While many Iranians would like Rouhani to relax restrictions on civil society and free political prisoners, the new president’s main focus will be on the economy. Here, the challenges he confronts are as formidable as any Iran has experienced since the early days of the 1979 revolution and the 1980-88 Iran-Iraq war. Iran’s economy has been in recession for the past two years, oil exports are less than half what they were two years ago and inflation is above 40 percent. Iranian factories are closing for lack of imported components; the latest US sanctions, which went into effect July 1, are forcing foreign automotive firms to stop selling kits and parts to Iranian companies. As a result, more than 120,000 automotive workers have lost their jobs over the past year.
 
Many Iranians are struggling to put food on the table and even to find medicine, in part because of high inflation, corruption and government mismanagement, but also because of U.S.-led sanctions. While the sanctions contain so-called humanitarian exemptions, bans on Iranian banks and on transfers of funds to and from Iran have caused foreign suppliers to flee the Iranian market. On July 26, the U.S. Treasury Department expanded a list of medical devices that can be exported without a license and advised foreign companies that they can legally be paid for humanitarian exports to Iran from non-sanctioned Iranian banks and external accounts of Iran’s Central Bank. Without an authorized U.S. banking channel to Iran or relief of sanctions on insuring shipments to Iran, however, it may be difficult to alleviate the shortages.
 
The nuclear talks deadlock
 
By replacing Ahmadinejad cronies with competent technocrats, Rouhani can alleviate some of these problems. But his presidency will likely be judged on whether he can end the deadlock in nuclear talks with the five permanent members of the U.N. Security Council plus Germany, which are expected to resume early in the fall.
 
Many in the West, and at home, will not miss outgoing Iranian President Mahmoud Ahmadinejad.Many in the West, and at home, will not miss outgoing Iranian President Mahmoud Ahmadinejad.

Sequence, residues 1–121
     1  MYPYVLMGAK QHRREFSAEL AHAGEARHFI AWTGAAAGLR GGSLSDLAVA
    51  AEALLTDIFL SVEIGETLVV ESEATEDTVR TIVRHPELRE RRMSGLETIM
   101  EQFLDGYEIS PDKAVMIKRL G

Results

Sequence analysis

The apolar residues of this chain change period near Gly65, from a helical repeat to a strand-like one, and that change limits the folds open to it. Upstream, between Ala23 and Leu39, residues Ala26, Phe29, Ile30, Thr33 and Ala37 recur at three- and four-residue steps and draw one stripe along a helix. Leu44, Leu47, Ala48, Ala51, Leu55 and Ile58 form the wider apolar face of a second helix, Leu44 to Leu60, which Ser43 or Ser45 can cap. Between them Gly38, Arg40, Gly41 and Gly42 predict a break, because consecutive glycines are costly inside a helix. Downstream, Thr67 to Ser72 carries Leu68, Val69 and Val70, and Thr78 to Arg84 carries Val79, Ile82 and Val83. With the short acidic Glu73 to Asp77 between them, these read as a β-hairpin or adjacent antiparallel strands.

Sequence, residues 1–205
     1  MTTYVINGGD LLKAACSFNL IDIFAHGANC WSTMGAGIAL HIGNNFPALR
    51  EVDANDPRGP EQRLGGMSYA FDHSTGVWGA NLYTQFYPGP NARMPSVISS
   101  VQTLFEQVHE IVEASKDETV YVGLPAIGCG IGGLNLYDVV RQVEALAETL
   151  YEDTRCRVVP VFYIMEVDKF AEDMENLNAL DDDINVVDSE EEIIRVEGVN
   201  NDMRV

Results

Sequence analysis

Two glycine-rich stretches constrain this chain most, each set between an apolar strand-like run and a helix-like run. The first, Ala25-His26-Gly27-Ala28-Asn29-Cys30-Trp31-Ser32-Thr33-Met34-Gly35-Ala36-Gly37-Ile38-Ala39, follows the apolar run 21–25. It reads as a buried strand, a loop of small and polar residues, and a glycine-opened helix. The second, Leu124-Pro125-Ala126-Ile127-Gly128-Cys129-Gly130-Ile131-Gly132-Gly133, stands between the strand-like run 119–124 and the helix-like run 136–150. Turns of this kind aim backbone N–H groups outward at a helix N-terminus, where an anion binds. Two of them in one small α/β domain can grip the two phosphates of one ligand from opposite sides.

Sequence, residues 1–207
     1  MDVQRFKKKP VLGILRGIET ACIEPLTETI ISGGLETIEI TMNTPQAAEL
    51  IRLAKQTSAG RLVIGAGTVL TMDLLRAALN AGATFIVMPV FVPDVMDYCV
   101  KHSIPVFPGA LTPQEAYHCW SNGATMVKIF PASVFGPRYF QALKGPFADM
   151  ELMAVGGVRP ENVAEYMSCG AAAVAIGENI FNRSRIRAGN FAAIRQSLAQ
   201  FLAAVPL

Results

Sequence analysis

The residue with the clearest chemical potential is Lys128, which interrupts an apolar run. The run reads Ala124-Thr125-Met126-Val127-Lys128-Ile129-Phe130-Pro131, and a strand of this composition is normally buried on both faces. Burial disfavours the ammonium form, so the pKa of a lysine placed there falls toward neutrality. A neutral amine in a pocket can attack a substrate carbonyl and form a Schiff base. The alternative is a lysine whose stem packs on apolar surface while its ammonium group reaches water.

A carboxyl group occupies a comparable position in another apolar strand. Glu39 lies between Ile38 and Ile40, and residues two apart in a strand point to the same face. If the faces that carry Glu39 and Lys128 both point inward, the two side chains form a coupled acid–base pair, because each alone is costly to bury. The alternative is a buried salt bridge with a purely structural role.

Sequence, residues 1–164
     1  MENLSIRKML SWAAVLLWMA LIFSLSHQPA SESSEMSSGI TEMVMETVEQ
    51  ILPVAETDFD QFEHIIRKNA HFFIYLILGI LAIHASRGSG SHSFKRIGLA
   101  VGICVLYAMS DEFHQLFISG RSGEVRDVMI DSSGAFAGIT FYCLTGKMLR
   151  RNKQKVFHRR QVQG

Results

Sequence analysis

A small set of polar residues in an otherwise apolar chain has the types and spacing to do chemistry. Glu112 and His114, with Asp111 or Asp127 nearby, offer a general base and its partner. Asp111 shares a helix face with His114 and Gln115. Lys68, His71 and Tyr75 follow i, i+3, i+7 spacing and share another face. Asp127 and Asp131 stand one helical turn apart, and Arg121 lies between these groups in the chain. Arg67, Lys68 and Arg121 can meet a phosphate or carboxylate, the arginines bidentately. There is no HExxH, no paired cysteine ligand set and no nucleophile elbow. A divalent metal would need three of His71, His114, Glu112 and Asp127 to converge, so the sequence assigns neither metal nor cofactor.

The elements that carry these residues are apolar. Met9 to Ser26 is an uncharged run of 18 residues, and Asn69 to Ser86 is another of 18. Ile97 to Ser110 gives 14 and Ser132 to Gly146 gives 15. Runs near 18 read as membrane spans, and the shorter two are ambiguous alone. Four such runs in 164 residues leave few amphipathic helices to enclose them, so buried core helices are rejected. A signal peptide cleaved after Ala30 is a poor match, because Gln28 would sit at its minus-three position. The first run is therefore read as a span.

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Many in the West, and at home, will not miss outgoing Iranian President Mahmoud Ahmadinejad.
Many in the West, and at home, will not miss outgoing Iranian President Mahmoud Ahmadinejad.
Rouhani has consistently stressed that Iran has a right to enrich uranium, in return for measures to assure the world that Iran is not seeking to make nuclear weapons. He has offered to increase access to Iran’s nuclear facilities going so far as to write, in a letter to Time magazine in 2006, that Iran would be willing to agree “on terms of the continuous presence of inspectors in Iran to verify credibly that no diversion [of enriched uranium] takes place.”

U.S. reaction to Rouhani’s win has been cautious, with officials saying that Washington has no intention of pre-emptively improving a prior offer that demands significant Iranian concessions in return for lifting sanctions on trade in precious metals and petrochemicals. In a conference call with reporters last week, Assistant Secretary of State Brett McGurk said, “we see the election as a clear expression of the Iranian people’s desire for change [and] are hopeful that will result in policy changes by the Iranian government.”
 
For progress to occur, however, the United States will also have to show flexibility – and Congress curb its appetite for new sanctions.
 
As Boroujerdi put it, “Rouhani cannot do it alone obviously. It will take a bit of time and behind the scenes lobbying and plenty of assurances regarding the terms.”

Click on Barbara Slavin's name below to view her previous columns.

Barbara Slavin

Barbara Slavin is a senior fellow at the Atlantic Council’s South Asia Center and a correspondent for Al-Monitor.com, a website specializing in the Middle East. She is the author of a 2007 book, Bitter Friends, Bosom Enemies: Iran, the US and the Twisted Path to Confrontation, and is a regular commentator on U.S. foreign policy and Iran on NPR, PBS, C-SPAN and the Voice of America.